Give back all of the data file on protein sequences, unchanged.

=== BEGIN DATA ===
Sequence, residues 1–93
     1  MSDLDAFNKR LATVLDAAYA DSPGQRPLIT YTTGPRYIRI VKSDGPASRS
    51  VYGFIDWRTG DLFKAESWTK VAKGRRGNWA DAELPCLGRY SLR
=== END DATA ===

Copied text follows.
Sequence, residues 1–93
     1  MSDLDAFNKR LATVLDAAYA DSPGQRPLIT YTTGPRYIRI VKSDGPASRS
    51  VYGFIDWRTG DLFKAESWTK VAKGRRGNWA DAELPCLGRY SLR